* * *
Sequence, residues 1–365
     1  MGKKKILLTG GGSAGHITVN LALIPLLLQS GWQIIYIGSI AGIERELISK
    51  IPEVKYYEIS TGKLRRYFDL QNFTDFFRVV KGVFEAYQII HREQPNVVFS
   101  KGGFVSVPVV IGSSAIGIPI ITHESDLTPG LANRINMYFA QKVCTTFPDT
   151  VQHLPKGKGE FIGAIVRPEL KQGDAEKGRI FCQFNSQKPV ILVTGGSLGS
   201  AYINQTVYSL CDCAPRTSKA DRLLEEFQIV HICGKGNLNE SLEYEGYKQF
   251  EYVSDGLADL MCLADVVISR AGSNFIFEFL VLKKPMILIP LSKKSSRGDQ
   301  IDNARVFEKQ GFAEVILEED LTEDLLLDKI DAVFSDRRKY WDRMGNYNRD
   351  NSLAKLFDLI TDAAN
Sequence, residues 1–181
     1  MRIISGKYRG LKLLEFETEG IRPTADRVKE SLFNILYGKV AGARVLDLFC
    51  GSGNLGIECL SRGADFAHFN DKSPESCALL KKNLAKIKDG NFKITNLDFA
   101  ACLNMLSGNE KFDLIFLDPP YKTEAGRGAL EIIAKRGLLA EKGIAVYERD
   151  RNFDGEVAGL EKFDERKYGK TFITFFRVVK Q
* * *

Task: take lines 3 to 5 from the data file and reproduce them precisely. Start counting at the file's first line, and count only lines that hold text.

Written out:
    51  IPEVKYYEIS TGKLRRYFDL QNFTDFFRVV KGVFEAYQII HREQPNVVFS
   101  KGGFVSVPVV IGSSAIGIPI ITHESDLTPG LANRINMYFA QKVCTTFPDT
   151  VQHLPKGKGE FIGAIVRPEL KQGDAEKGRI FCQFNSQKPV ILVTGGSLGS